June 2011 BOC Spotlight
June 2011 BOC Spotlight
Indian Creek Studios
What do you call yourself?... artist, beadiest, ceramic artist, potter.???
Artist seems the simplest answer, I create in several mediums and make functional pieces and body adornments (as one of my old profs called art jewelry pieces) and anything else I get a notion to make. Potter works too.
How long have you been working in clay?
About 10 years now, though I first tried and failed at clay in college as part of my studio art requirements more than thirty years ago. I was very bad at throwing. Horrible. In hindsight I realize I never really learned to center. I have that down now!
I make pots for myself, but what I love to make the most are beads and charms.
What clays do you use?
Right now I use a cone 6 clay called Appaloosa from Coyote, because it is speckled. Love the specks.
How do you fire?
I fire cone 6 electric with a long fire down, a variation on what is recommended in the book Mastering Cone 6 Glazesby John Hesselberth and Ron Roy. The controlled cool down is important to my pieces, because it makes the glazes much more interesting.
Where is your working space/studio?
In my home, all over my home. I create and glaze at a table in the living room (it has great views outside), fire my kiln in the garage, the potter’s wheel is in the basement, and photography/shipping is in the guest bedroom. I think I need to steel more space for photography.
Do you work alone?
Oh no, I have cats and a big dog who never let me have alone time. Then there is Barney, the corn snake. He watches from his habitat that is next to my work table and flicks his purple tongue at me. Oh, I know you probably mean people, not furry or scaly folk. In that case, yes I do work alone. I am a self proclaimed hermit.
Name the steps you have to making a finished piece of your work.
I hand form each piece, usually by pinching out the form, then imprint a texture or press it into a mold, whatever is called for. Then I set it on a flat surface and dry to leather hard. Then I cut a stringing hole into it with a favorite little brass hole cutter. I let them dry to mostly dry, and then smooth any flaws and rough spots away with a green kitchen scrubby or a damp sponge. Some pieces get painted with underglaze at this point, like my owls and bees, where I want more control of the underglaze. If your underglaze is not bisque fired before you glaze, it blends and swirls with the glaze ands looses any sharp detail. That interaction is something I count on and use as well, but not for stripes on bees or owl eyes.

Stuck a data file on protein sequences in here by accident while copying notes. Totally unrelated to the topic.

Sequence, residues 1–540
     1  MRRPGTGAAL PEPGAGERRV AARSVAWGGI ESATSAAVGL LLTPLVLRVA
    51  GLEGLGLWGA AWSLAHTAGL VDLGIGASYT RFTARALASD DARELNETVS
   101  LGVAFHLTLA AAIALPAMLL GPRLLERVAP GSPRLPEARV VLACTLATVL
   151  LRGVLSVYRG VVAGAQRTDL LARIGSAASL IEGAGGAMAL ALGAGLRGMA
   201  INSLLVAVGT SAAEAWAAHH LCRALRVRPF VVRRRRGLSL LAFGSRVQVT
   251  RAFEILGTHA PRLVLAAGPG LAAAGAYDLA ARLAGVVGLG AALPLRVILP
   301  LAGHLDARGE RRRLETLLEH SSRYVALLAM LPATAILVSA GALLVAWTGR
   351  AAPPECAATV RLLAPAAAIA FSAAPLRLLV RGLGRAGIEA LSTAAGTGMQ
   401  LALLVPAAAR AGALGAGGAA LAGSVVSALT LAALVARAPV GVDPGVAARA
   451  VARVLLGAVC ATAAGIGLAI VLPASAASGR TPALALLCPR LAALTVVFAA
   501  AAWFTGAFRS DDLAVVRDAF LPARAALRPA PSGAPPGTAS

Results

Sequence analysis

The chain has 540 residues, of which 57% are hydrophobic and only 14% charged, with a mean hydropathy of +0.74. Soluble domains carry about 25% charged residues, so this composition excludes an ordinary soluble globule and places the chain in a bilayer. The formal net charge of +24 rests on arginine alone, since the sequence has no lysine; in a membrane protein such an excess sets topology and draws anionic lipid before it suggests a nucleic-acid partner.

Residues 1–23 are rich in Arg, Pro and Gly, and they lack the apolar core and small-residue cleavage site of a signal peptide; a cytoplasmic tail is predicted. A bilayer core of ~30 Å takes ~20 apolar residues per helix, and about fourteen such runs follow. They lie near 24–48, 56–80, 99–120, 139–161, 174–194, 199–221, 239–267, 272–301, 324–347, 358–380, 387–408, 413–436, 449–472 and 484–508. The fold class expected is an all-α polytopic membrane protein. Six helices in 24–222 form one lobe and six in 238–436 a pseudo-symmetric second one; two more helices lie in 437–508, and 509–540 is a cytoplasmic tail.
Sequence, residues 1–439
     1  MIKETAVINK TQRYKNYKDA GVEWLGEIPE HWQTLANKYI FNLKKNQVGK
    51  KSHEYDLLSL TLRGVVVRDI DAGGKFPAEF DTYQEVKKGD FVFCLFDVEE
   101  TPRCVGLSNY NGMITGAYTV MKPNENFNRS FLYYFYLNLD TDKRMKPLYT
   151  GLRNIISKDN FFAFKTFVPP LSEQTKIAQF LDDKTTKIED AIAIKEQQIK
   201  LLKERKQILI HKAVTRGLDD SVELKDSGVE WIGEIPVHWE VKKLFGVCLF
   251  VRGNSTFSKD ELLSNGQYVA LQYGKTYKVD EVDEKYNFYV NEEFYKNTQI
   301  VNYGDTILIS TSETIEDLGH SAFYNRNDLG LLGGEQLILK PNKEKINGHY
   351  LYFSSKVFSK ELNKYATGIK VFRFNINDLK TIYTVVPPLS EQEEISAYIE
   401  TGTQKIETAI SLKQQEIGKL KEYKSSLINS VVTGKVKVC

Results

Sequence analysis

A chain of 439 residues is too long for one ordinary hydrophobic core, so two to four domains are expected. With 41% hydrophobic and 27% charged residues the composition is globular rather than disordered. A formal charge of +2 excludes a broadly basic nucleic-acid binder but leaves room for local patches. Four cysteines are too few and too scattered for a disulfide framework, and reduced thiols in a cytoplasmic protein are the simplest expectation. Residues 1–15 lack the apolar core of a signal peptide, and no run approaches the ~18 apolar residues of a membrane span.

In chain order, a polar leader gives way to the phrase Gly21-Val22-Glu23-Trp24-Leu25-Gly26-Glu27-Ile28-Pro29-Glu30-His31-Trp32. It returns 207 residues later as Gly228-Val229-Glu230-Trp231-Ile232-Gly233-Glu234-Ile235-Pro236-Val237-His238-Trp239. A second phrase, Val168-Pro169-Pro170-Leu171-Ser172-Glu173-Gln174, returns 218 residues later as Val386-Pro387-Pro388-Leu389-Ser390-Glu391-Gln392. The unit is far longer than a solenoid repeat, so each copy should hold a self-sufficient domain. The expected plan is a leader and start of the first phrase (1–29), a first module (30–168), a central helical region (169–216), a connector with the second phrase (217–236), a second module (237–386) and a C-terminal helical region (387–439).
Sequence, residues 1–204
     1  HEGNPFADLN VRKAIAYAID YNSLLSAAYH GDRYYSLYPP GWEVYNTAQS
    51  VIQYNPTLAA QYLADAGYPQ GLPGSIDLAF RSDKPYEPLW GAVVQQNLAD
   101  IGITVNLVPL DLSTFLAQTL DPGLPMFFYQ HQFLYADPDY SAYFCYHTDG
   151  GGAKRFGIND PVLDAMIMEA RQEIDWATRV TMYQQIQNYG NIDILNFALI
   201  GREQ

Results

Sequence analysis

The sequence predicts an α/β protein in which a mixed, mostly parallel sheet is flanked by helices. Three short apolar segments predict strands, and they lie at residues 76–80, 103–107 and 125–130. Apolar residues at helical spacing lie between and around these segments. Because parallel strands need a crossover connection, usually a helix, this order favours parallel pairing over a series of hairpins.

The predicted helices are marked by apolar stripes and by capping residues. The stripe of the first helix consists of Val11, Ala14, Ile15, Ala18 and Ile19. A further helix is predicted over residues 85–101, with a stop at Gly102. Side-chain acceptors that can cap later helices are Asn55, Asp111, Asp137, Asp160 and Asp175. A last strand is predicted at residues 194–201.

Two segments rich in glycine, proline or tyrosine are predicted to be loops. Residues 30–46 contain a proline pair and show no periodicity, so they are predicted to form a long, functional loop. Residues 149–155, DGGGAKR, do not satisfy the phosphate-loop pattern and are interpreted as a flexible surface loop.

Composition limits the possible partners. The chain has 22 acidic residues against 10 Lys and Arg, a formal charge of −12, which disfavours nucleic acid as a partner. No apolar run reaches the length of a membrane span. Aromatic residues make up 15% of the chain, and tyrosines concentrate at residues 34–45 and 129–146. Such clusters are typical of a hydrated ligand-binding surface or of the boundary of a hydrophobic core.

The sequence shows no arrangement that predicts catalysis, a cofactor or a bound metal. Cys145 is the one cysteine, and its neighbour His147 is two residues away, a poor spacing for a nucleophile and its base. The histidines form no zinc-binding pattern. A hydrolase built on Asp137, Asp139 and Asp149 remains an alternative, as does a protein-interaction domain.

When I have enough greenware pieces ready I will bisque fire them. The bisque then gets more underglaze, and then glaze. Then I fire them again. I may fire them again with low fire glaze to get the look I want. I am a glaze nerd I admit (brag), and I want the finished charms to have complexity with the glaze through color and texture interaction. I add a final coat of clear crackle to just about everything. I live for the happy accidents and unexpected results that happen in a glaze firing.
Texture Autumn (commercial)
Old World Crackle (commercial)
Favorite themes, design inspirations?
I like anything timeless. I want my pieces to look like they could have been made last week or 2 thousand years ago. I also like hand formed, organic looks. I do not want my pieces to ever look mass produced or perfect. Sure I can make a bead that is perfectly round, but there a zillion perfect round beads in the world. It is far more interesting to take that round bead and roll it against a piece of walnut shell from my yard to get deep texture.
Ceramic artists you admire?
Randy Brodnax http://randybrodnax.com/PotteryI.html
Mary Barringer http://www.frogpondpottery.com/nceca2004/MaryBframe.html
Lisa Orr http://lisaorr.com/
Where do you sell and show your work?
On Etsy mostly, sometimes at my local guild and by word of mouth
Advice to newbies?
Take good photos!
Favorite piece tool or piece of equipment?
My hands. Ok that sounds trite but I use my hands more than anything else. I do not use any fancy stuff.
Check out more of Pam's work here:
And learn more about her here!